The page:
POSTCARD FROM THE WALKWAY OVER THE HUDSON
by Ann Malaspina
No heavy barges carrying vital freight.
No Dutch explorer marking a new map
or Mohican canoe bearing beads and fur.
Instead, a sailboat motors upriver;
a pair of weekend kayakers hug the shore.
Shad gone, an eagle circles hungrily.
PCBs cling to shell and stone
and salty brine thickens on
the wharves in
At the convenience store by the steps
we wait as a boy grabs a Red Bull
and a woman gets her Mega Millions ticket.
We hurry back over before the gates close.
Now the weather’s changed. The wind is up.
The sky is all colors behind the mountains
and the river unfurls, a black satin ribbon,
far beyond where we can see.
REFLECTIVE MUSIC: Sonata for Clarinet and Piano by Camille Saint-Saens
2. OF TIME AND TRAINS by Rob Stuart
And still the distant roar
Of time and trains
Carrying these loves from their gathered rooms
Where for a day we spoke and laughed as children
Endlessly, against the wind.
It was like spring, whose daffodils
Make time precious,
Nor roar but silent speak
To one another before they turn their heads
Again to earth.
We walk uprooted, saying, What time now?
To catch a train.
These pangs of letting go
Severing the indivisible.
Not death, yet something
Rumbling when two of us divide.
You board the train
In time and leave me to my silence.
But still the distant roar.
REFLECTIVE MUSIC: Sonata in B Minor, Op. 58 (Movement 3: Largo) by Frederic Chopin
3. SUNDAY by Ramon Mojica
Another Sunday blows by me
Like notes from a saxophone breathing heart break
The streets are almost deserted
Except for a few souls on Sunday errands
With newspapers under their arms
They navigate a sea of cabs
Which prowl the streets looking for that perfect fare
And whom isn't really going anywhere
Once around the city they'll say
And please wake me when we get there
REFLECTIVE MUSIC: Rhapsodie for Saxophone by Claude Debussy
4. STONES AND SHELLS AND SEA GLASS by Lois Read
I pick up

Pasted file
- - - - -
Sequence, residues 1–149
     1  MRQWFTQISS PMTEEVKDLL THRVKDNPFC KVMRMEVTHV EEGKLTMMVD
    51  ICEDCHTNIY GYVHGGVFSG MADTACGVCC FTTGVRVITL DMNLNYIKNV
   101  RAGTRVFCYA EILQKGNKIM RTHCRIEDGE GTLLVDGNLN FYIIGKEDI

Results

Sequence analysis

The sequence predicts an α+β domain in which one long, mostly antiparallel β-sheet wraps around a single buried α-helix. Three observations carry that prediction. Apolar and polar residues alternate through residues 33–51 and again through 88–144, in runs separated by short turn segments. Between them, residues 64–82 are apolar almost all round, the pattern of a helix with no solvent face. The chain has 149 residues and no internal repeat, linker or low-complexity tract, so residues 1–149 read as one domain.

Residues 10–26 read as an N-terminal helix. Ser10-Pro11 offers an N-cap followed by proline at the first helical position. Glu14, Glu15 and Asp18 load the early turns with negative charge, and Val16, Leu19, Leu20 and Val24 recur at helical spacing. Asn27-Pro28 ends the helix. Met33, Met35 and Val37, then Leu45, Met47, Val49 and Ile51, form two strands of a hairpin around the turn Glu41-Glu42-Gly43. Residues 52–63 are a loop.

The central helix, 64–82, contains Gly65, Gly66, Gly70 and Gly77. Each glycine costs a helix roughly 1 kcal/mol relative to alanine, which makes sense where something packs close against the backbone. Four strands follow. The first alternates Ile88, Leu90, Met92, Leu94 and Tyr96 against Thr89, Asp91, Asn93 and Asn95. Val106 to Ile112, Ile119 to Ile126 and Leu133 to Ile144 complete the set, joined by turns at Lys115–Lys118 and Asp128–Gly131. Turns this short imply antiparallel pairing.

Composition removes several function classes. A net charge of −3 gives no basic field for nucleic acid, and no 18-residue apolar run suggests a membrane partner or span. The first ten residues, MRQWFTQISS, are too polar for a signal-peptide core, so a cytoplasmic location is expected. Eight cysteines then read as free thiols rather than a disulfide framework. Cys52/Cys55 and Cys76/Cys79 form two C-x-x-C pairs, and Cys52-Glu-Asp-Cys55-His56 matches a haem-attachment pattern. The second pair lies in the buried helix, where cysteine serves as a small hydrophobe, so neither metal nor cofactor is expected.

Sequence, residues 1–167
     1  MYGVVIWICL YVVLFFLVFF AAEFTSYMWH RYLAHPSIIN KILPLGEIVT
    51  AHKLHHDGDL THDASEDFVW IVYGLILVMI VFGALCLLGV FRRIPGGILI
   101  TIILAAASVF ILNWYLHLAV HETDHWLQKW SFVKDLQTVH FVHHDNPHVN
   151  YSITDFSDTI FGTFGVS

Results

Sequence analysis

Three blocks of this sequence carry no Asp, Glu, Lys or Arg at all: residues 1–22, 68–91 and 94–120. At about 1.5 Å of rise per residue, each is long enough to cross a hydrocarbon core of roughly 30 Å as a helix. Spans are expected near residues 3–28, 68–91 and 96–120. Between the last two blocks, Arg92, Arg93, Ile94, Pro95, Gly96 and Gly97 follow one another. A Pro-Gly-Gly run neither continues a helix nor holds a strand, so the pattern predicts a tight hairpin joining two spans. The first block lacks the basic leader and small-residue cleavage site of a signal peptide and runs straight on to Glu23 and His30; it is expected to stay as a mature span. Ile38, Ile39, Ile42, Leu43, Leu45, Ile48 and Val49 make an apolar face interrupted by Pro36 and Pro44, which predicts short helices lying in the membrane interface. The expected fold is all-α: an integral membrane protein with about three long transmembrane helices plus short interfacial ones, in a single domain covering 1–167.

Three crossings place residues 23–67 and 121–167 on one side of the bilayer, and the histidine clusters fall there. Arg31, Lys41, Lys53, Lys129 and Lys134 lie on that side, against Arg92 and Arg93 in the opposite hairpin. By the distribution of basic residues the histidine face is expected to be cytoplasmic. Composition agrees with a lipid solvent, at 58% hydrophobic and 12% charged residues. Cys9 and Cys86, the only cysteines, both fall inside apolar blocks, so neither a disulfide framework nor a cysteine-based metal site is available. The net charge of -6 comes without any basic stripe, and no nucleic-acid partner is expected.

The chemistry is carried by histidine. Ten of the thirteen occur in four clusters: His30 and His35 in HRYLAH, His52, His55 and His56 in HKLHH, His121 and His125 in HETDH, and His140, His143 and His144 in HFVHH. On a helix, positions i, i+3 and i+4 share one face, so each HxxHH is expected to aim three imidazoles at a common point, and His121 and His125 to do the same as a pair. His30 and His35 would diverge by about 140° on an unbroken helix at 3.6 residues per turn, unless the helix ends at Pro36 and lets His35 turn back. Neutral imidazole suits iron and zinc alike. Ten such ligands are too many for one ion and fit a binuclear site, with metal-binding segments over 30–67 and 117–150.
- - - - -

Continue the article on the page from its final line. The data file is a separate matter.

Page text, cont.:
shells and stones and sea glass
wave-glazed and glossy still
on early morning beach walks
add them to those
which sit, shine gone
at home upon the shelf.
It seems each walk
must be remembered, marked
with pockets full of evidence
as though the moving moment
will slip out of reach
at tangible talisman.
Yet once the luster leaves
the sea gloss dries
the sweet kiss of salt air
has left my cheek
the pile becomes
just stones, and bits of glass
something to dust around.
Well then let us make a pact
to savor shells and glass in situ
with every other shining thing
like angel wings and fleeting loves.
REFLECTIVE MUSIC: Sea Glass (for Cello and Piano) by Sharon Ruchman, Mary Costanza, cellist
5. THE FURY OF SUNDAYS by Ann Sexton
the heat leaking through the hinges,
sun baking the roof like a pie
and I and thou and she
eating, working, sweating,
droned up on the heat.
The sun as read as the cop car siren.
The sun as red as the algebra marks.
The sun as red as two electric eyeballs.
She wanting to take a bath in jello.
You and me sipping vodka and soda,
ice cubes melting like the Virgin Mary.
You cutting the lawn, fixing the machines,
all htis leprous day and then more vodka,
more soda and the pond forgiving our bodies,
the pond sucking out the throb.
Our bodies were trash.
We leave them on the shore.
I and thou and she
swin like minnows,
losing all our queens and kinds,
losing our hells and our tongues,
cool, cool, all day that Sunday in July
when we were young and did not look
into the abyss,
that God spot.
REFLECTIVE MUSIC: Slow Dance, by Kenji Bunch